Mud Pond Harvests – not too sexy but a lot of fun

Koi breeders believe that koi summering in the mud pond is a good thing. If you can imagine that you go to the spa for a few hours of a beautifying mud treatment – these koi go in for a few months. The end result is some impressive growth and their skin looks good too.

some of the mud ponds at Koi Acres, Scandia, MN
some of the mud ponds at Koi Acres, Scandia, MN

This past spring, our local koi dealer, Koi Acres, sponsored a shiro utsuri growout competition. You put your name in the hat for one (or more) of a select group of koi, pick the one that you think will be judged the best, wait and see. In this case, I was lucky enough to get selection number 1.

My selection from the 2016 Spring Shiro Utsuri Growout
My selection from the 2016 Spring Shiro Utsuri Growout

After all the koi are selected, they went into the mud pond for the late spring and summer months. They are “harvested” from the mud pond and moved indoors for the winter in the heated indoor ponds of Koi Acres. (It’s really sounding more like Spa Koi Acres…) Next spring, May/June 2017, the breeder – Omosako (who happens to breed the best shiro utsuris) will be here to judge which one is the best.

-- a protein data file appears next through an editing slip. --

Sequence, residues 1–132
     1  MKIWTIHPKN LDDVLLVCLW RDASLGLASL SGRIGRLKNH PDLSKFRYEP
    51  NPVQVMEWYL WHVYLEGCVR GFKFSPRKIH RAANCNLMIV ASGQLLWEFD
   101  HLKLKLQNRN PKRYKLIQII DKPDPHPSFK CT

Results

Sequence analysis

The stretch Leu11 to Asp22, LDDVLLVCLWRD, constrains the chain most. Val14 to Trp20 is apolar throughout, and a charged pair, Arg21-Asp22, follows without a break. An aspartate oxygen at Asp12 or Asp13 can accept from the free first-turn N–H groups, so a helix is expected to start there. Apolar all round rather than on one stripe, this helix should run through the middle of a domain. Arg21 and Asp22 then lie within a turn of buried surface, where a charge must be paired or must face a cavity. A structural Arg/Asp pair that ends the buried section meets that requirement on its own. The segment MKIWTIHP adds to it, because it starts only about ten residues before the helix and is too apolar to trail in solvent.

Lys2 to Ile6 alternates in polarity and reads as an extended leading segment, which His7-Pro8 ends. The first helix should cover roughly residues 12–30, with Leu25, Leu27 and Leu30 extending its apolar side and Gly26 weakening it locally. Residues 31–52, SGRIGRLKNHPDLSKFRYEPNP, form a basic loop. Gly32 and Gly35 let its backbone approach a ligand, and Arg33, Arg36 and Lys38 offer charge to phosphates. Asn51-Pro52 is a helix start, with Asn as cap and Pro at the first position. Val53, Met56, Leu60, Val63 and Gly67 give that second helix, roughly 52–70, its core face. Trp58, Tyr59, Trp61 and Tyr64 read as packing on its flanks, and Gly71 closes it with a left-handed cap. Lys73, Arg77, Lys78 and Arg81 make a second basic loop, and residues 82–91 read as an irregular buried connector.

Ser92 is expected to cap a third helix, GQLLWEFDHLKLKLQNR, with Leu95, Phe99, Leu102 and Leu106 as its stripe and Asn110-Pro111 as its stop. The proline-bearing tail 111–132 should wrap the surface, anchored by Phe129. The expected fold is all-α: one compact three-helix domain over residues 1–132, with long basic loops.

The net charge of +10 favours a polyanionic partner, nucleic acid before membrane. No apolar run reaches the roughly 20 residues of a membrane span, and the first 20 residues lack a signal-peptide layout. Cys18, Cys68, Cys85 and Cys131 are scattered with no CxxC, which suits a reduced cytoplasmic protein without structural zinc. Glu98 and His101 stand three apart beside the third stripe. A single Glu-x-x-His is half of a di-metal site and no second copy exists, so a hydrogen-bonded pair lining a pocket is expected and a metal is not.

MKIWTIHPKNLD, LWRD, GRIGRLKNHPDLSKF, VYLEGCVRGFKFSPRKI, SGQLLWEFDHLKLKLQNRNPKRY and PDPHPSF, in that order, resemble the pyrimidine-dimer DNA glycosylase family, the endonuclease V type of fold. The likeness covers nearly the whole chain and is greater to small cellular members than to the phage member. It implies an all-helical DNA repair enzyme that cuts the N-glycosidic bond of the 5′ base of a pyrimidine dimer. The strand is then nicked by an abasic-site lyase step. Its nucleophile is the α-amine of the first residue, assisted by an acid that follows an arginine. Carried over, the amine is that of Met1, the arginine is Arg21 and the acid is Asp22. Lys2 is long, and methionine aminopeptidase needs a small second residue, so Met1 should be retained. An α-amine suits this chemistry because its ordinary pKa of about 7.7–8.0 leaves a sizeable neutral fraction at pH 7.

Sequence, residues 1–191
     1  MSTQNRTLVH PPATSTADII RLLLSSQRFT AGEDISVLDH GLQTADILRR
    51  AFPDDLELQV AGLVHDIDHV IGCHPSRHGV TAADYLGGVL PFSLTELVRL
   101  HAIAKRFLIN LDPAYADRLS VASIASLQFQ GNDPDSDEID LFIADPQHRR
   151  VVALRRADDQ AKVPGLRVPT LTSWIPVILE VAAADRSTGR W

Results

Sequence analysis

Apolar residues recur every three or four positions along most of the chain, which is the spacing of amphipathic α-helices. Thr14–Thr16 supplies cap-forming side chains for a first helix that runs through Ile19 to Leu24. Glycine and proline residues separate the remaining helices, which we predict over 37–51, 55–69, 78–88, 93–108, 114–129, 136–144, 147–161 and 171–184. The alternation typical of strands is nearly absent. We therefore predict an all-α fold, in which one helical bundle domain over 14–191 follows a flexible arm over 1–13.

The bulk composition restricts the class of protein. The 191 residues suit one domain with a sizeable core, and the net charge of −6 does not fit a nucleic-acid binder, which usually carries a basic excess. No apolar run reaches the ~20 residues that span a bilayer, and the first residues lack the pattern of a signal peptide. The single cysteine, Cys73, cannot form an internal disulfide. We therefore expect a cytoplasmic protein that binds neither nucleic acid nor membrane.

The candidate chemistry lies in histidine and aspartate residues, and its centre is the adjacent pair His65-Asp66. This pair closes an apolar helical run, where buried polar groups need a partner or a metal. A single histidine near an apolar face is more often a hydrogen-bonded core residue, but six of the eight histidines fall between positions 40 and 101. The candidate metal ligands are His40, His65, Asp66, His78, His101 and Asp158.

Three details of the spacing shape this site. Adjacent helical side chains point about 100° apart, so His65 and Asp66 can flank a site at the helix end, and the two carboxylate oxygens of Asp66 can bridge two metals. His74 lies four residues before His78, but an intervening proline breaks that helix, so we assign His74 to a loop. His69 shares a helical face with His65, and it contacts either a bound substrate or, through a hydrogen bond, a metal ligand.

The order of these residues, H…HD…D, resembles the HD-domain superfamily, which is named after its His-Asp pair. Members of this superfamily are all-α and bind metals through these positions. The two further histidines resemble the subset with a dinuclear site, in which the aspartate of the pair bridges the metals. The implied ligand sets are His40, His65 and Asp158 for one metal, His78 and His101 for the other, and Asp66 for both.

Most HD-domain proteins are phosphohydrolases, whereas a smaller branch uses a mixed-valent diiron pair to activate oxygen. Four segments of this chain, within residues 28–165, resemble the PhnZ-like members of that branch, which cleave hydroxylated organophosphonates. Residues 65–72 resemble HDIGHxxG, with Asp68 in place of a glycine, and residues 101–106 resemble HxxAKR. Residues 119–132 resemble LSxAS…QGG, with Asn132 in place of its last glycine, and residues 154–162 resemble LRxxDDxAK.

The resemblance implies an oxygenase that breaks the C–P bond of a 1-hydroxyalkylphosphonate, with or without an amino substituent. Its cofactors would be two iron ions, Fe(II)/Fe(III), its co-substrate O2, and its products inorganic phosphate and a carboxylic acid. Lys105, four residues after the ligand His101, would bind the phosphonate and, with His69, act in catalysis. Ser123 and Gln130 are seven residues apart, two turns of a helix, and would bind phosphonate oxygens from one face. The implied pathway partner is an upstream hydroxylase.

Of course the catch is that shiro ustsuri koi take 5-6 years to really develop and until that time, anything can really happen. My shiro utsuris at home have black areas (sumi) that come up, go away and then comes back. In fact, koi keeping in general tends to be a lot of luck in my opinion. Having a good attitude and a healthy checkbook is key to keeping koi as a hobby.

Back to the actual mud pond harvest – Devin and Mikki Swanson provide us with a great experience. Too bad they couldn’t bring in a little warmer weather but at least it wasn’t raining. Here’s the 3 minute version of three hours at Koi Acres yesterday:

It was a lot of fun and I really enjoyed taking a closer look at my koi, Lily. So like the annoying grandparent who always has a few thousand baby photos to show – I’m a little koi crazy (kichigai) and never tire of looking at my koi multiple times. Here’s Lily…

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